At 51, Mary Watts has raised her kids. She's worked nearly 30 years at the Social Security Administration and, in another life, might have been looking toward retirement and spending more time with her husband, Richard, 46.
Instead, the couple are tucking their three young grandchildren into bed every night, meeting with the kids' teachers, signing them up for summer camp, getting them to doctors' appointments and enforcing the rules of the house.
For them, the peace of an empty nest vanished on the day three years ago when Mary Watts went to see her six grandchildren - ages 3 months to 12 years - who were living in Baltimore with their drug-addicted mother.
The kids were scrawny and dirty. The baby had never been to a clinic, never had an immunization, Watts said. The older kids rarely went to school.
That was enough. Watts scooped up all six kids, loaded them into her Hyundai, drove back to her two-bedroom townhouse in northeast Baltimore and joined the growing number of Maryland grandparents who find themselves raising their grandchildren.
Census tracks trend
The 2000 Census counted almost 118,000 Maryland children living in households maintained by their grandparents, an increase of nearly 16,000, or 15 percent, since 1990. Some of those households, however, may include a responsible parent.
A separate Census Bureau survey last year estimated that roughly 51,000 Maryland grandparents - 15,000 in Baltimore - were responsible for the care of grandchildren younger than 18 living in their homes.
It is a national phenomenon in which Maryland's rank won't be known with reasonable accuracy until 2000 Census long-form data are released next year.
But experts in the field agree that the number of grandparents raising their grandchildren has been growing nationally for decades.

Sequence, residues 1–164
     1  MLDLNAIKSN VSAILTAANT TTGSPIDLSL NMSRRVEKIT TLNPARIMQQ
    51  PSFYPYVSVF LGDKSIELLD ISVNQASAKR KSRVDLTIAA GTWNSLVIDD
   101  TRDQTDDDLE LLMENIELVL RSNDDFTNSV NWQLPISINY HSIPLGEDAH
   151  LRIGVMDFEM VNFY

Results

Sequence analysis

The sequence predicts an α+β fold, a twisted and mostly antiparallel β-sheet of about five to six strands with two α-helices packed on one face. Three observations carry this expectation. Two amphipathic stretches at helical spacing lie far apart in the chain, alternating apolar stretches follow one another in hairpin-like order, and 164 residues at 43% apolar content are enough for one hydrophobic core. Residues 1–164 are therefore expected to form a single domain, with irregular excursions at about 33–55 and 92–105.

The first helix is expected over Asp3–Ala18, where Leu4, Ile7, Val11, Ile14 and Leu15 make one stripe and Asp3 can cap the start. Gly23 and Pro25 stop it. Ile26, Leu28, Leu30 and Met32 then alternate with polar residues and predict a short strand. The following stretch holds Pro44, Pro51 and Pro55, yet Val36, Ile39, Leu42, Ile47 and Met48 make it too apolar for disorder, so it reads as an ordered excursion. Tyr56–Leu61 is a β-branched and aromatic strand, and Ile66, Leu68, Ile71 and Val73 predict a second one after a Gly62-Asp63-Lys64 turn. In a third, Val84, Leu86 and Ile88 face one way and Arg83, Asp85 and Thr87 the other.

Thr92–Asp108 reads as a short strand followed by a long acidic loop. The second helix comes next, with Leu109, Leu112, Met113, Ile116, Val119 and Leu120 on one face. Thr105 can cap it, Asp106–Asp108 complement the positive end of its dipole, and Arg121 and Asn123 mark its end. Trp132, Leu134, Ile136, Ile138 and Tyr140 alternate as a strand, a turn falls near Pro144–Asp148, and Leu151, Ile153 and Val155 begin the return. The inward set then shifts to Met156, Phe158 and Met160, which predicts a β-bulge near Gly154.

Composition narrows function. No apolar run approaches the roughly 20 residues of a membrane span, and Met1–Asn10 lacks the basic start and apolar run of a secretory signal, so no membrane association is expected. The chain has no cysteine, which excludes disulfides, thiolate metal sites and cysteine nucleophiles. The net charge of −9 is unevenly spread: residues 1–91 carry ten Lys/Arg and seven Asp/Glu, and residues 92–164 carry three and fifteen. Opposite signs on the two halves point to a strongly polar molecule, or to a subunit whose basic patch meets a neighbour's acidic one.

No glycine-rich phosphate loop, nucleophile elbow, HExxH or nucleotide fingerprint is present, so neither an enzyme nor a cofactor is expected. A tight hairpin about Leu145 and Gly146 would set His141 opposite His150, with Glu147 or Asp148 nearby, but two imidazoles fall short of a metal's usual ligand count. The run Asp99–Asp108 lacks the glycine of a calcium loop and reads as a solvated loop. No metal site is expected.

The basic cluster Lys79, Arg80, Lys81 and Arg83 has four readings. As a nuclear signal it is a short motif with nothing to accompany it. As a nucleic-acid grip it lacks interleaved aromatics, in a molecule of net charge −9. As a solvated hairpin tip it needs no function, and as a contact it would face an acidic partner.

Drugs, AIDS, jail, death
"There has been a steady increase," said Georgia State University child abuse expert Susan J. Kelley.
"Seventy percent of the cases involve biological parents that are substance abusers," she said, and a high percentage have abused or neglected their kids.
A parent's mental illness, death, incapacitation due to AIDS, accident or incarceration might also cause grandparents to step in and take over child-rearing responsibilities.
Most of these grandparents are men and women in their mid- to late 50s. In Maryland, 65 percent are married and 61 percent are working, the Census Bureau estimates. Only 14 percent had income below the federal poverty line last year.
Grandparents say parenting is more difficult the second time around.
The children might be crack-addicted at birth, emotionally disturbed or learning disabled. And the grandparents find themselves coping with social realities they never faced as parents.
Supervision and direction
"It's hard to raise kids in Cherry Hill," said Mary Morris, 57, who has taken three of her drug-addicted daughter's children - ages 8, 10 and 13 - into her small apartment.
"You see so much out here. ... There are young men who don't want to go to school, don't want to work. They just want to be on the street," she said. Her grandchildren need supervision and direction every minute.
"It takes a lot out of you," Morris said. There are times she is so overwhelmed, she retreats to the bathroom, "a place you can go to be by yourself."
Sometimes, she said, "I just scream."
When Mary Watts brought all six of her daughter's children home, their deprivation quickly became apparent. When she served them cereal, the oldest child told her siblings to save some to eat later.
"I told them Gramma and Grampa could get some more," Watts said. But they continued to steal food from the kitchen. Watts found food, or food wrappers, under the kids' beds.
"The oldest one went to school not to learn, but to gather food in the cafeteria to bring home to her siblings," she said.
The eldest child even noticed Watts' initial awkwardness while bathing the infant, took the baby from her grandmother's hands and finished the job. "I had to de-program her to be a child," Watts said.
Need for help, support
Grandparents like Watts and Morris are frequently overwhelmed by their grandchildren's problems, and their own, and they seek help where they can find it.
When the six grandchildren proved too much for Watts and her husband, they asked the oldest child's father to take in the 12-year-old girl. Two more went to live with their paternal great-grandmother, age 70.
When the youngest grandchild began vomiting and crying in day care, Watts turned to her own mother. "She knew how to work with crack babies, and she taught me," Watts said. The other two grandkids are being treated at the Kennedy Krieger Institute.
The burden of three young children and a full-time job sometimes left Watts nervous and exhausted. At one point she suffered a seizure that put her in the hospital.